When considering a book, there are two features that likely come to mind. The first that we might think of while I am communicating this over the internet is the content of the book. The second feature that you might notice before hand is the material structures and formatting of the book.
When I first grabbed Poems to Read on a Streetcar, I noticed its simplicity in material. The pages are made from some form of print paper, and the cover from cardstock. The entire book is bound by two staples. The color used on the cover is an off-white rather than attempting to catch a would-be-reader by using a colorful background to have it stound out from other books.
The choices in material construction appear to reflect the content of the chapbook. When I had first opened the book in no particular place, I came across the poem “Verona.” True to its title, the content is written as if Girondo had been writing this poem while riding the streetcar: “A powdery rain makes the Plazza delle Erbe shine; it draws itself up into tiny speres that sail across the pavement and suddenly burst, for no reason” (13). While the extraction of meaning and beauty might be anything but simple, the phenomenological view from which observations are made is what is so simple.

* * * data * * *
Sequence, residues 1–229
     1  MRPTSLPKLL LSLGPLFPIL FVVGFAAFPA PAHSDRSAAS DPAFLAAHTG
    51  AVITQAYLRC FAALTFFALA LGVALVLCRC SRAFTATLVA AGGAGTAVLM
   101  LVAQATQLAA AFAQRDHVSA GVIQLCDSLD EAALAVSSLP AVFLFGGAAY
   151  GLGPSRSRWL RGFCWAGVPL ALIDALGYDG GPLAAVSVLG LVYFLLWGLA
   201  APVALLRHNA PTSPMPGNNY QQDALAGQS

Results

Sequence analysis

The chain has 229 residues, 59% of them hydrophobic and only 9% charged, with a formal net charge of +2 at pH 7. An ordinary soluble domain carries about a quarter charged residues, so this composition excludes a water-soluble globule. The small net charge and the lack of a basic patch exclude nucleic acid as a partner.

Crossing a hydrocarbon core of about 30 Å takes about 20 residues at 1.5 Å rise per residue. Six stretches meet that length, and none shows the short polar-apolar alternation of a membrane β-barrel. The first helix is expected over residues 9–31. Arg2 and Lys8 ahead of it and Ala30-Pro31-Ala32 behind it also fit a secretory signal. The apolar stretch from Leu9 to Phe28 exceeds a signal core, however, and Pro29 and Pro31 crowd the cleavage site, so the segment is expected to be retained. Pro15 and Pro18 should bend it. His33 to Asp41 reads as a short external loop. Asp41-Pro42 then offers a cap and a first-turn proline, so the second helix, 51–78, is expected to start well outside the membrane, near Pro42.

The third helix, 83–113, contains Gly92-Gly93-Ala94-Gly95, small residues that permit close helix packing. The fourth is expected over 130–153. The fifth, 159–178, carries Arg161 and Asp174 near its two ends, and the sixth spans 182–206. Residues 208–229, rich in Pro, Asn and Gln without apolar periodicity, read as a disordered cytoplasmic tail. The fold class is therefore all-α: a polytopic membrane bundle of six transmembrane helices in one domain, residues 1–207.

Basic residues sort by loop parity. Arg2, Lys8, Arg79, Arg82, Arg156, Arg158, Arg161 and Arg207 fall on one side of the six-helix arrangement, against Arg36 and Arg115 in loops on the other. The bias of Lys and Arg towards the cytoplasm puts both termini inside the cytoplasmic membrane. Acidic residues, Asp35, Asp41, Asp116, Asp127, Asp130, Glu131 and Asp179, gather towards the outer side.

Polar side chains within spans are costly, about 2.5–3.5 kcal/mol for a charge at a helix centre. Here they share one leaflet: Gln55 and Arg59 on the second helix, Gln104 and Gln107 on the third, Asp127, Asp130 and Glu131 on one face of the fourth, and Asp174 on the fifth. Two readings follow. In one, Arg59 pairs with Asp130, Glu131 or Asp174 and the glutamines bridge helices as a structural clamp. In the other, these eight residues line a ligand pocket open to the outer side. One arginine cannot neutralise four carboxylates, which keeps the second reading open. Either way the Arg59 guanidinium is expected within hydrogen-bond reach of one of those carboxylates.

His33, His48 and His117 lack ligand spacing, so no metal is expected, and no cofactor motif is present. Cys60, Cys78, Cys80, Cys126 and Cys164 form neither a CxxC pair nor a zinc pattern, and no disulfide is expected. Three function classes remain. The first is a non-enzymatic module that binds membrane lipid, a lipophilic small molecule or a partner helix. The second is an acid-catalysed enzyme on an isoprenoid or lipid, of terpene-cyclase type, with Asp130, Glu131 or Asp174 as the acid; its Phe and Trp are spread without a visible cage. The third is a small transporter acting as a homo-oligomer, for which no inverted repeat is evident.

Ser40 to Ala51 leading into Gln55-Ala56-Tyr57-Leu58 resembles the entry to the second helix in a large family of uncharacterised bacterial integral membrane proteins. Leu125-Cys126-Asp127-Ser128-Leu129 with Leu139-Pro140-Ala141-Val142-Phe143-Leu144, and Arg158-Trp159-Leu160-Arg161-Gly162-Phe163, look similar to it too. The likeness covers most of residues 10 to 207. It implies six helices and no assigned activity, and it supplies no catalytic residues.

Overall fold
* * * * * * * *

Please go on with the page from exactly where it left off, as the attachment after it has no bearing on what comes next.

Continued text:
The format of Girondo’s chapbook mostly follows the theme of simplicity. Titles are given at the top, and verse appear in standard font. Where I presume Girondo wrote his poetry in English, the poems are printed side-by-side on different pages. However, there are some poems that I assume were originally written in Spanish. In such cases, the original Spanish appears on the left page, and Cleary’s English translation displays on the right page. While most of the formatting is simple, anyone flipping through the chapbook will be drawn to “Cantar de las ranas” or “Frog song” on pages 20 and 21 respectively.
Girondo, Oliverio. Poems to Read on a Streetcar. Translated by Heather Cleary. New Directions Publishing Corporation, 2014.